For some reason people feel compelled to replace everything they can on our Cougars with cheap crap from the auto part store or shoddy repop parts that cost a lot but don’t work right.
I commonly find that old Ford products have temperature gauges that read too hot when in fact the car is not actually overheating. The replacement sending unit is simply not calibrated correctly. I just removed probably the 25th one that I have found with this problem and decided to document the differences.
The one on the left is made someplace overseas. It is sold by many companies and many part numbers as a direct replacement for our cars. A 11/16" socket will not fit. It measures 18MM across the flats of the hex.
The one on the right is Fomoco P/N C6DZ 10884-A. It was used in 1968 on 302 and 289 engines installed in Cougar and many other Ford products. Notice it has a white plastic insulator around the stud.
Ford calls for a C6DZ 10884-B for 390 and 428CJ but those are very hard to find. The -B version has a red plastic insulator. I find it interesting that the same gauge would use two different sending units. In any case the functional differences between the two Ford products is minimal compared to the totally screwed up aftermarket sender.
The repop part measured totally different. At room temperature it reads 190 ohms. At 115 degrees it reads 50 ohms. So it reads warmer on the gauge at any temperature and is not even close to what an OEM sender reads.
Great info royce and this info can apply to other senders like the fuel sender as well. I have wanted to test mine since I first saw one of your posts about these being way off. PO replaced the one on my car at some point in the past with aftermarket. I assume at the same time the intake was replaced. Thanks for posting the OEM base line readings.
Its odd that the first thing people will do when they think they have an over heating engine is replace the sender, in reality that is typically the less likely issue. I blame the kid at the autoparts store, you know the one…He always says the check engine light is caused by the O2 sender!
The other issue that will plague these older cars is parts availability. If that sender is discontinued by ford your stuck trying to find a good used one or NOS on ebay so people just go with the repro and move on to ignore the gauge or wonder why it never reads right.
Thank you. I’m digging that vintage analog meter you have. Neato! I have the same story with my radator fan. Pulled the aftermarket plastic junk fan off and replaced it with the proper 390 fan and clutch. Works better in every regard. You get what you pay for.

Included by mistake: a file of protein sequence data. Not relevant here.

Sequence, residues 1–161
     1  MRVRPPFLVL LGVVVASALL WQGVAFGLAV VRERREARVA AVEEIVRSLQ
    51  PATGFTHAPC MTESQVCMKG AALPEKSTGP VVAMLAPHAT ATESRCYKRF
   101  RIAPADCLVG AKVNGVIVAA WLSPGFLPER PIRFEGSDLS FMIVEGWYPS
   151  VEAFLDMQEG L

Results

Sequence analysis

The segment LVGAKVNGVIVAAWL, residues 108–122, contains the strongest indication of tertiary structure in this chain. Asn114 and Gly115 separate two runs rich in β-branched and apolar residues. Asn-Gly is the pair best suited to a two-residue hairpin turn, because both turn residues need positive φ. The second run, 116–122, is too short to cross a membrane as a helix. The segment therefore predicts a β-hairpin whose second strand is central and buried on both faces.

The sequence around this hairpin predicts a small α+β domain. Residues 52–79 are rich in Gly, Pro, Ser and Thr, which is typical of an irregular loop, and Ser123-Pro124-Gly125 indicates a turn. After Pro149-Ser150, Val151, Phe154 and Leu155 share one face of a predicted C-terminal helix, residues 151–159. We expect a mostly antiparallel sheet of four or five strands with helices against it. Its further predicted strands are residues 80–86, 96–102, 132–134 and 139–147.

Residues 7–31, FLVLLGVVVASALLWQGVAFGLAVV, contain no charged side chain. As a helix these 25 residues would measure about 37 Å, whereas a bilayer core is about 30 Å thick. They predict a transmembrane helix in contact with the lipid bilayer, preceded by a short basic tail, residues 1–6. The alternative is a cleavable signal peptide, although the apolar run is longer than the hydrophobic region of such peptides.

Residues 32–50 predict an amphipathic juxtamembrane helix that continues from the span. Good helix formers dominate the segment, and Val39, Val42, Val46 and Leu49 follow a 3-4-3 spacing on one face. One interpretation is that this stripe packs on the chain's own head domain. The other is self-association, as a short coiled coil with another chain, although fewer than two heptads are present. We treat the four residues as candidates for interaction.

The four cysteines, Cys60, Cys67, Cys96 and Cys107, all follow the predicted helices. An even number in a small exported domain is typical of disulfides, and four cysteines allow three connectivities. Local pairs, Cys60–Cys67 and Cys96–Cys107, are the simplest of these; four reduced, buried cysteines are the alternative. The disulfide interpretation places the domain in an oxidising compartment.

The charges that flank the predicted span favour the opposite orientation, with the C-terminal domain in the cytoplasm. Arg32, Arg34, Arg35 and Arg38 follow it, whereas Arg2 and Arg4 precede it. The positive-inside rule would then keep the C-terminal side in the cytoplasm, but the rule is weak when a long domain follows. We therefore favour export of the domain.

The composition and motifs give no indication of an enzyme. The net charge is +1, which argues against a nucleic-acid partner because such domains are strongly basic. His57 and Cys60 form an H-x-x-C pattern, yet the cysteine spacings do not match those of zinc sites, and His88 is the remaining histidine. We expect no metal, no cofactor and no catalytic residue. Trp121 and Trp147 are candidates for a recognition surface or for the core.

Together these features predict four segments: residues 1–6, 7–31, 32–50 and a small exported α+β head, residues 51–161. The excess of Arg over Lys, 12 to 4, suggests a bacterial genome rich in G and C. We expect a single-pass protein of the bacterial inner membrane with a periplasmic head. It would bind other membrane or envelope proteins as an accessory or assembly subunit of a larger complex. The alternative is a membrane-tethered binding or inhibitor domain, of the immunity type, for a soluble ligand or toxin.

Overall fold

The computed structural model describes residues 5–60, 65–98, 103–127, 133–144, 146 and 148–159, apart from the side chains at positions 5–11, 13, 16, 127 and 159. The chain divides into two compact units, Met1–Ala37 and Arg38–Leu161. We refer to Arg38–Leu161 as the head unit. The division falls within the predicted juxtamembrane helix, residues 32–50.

I bought that meter new from a MATCO truck around 1980. It is actually a Simpson made product. It is a very handy tool since it also has an AC ammeter shunt that can measure battery starting current. It measures ignition dwell and can act as a tachometer too. Many things that you don’t see available in one meter in the Fluke product line for example.
Totally. Is that meter battery powered or needs to be plugged in to a wall socket? Digital meters are focused more on general microelectronics and they would rather sell you an external shunt and an oscilloscope. I have seen a few modern automotive meters but they are basically an ohm meter with a duty cycle feature for testing fuel injectors etc… It is what it is.
Adding a data point, WCCC gives a rating of 15.2-19 Ohms Resistance At 220 Deg F for the version they sell.
Back when I needed a new one for my CJ, I found one at NAPA with that same rating. I noticed when looking today that NAPA no longer gives the rating, so perhaps that part is no longer available. In any event, it seemed to be accurate as my needle went into the red zone when I got caught in stopped highway traffic after cruising at 70mph in 90 degree weather. Ahhhh… memories (was a great trip notwithstanding the heat issues).
The problem with the sending units is that the part inside that measures the temp is a thermistor, a resistor that changes value depending on temperature. As it warms up the resistance drops. Most of these are sold based on the resistance at about room temperature. This is obviously way out of the expected operating range of the device in your car. The next issue is that the required change in resistance is not linear. (the value for cold is not double the middle reading, and the value for hot is not half the middle reading. So you need a thermistor that has the correct curve to match the gauge.
I have to believe that the correct thermistor is no longer made so they use something “close enough”. Or they are just not interested in doing the work to sample and test thermistors. There is a specification that is used to describe the curve but I can say from experience that it is inadequate for this purpose.
I wonder what it would cost to get the right thermistor produced again and then have them built up into accurate senders? I am guessing that a finished sender would end up being expensive as the custom thermistor would probably be $$ and you would have to buy a ton of them to get them made. I think that $40 would the very top dollar.
One other complication is that the boiling point of water is a function of elevation. For ever 1 pond of pressure the boiling point goes up by three degrees. Mixing coolant with the water will raise it even more. In general it seems that with a properly working radiator cap (13 psi) boil over at sea level was above 250 degrees F with water and about 260 with a water coolant mix.
It would be very helpful if we could get a NOS sender hooked up to an ohm meter while being heated up in a pan of water with a candy thermometer so we can plot the resistance and temperature readings. If any one has one that they would be willing to loan for testing I would appreciate it. I would like to get several examples to see how consistent they were originally.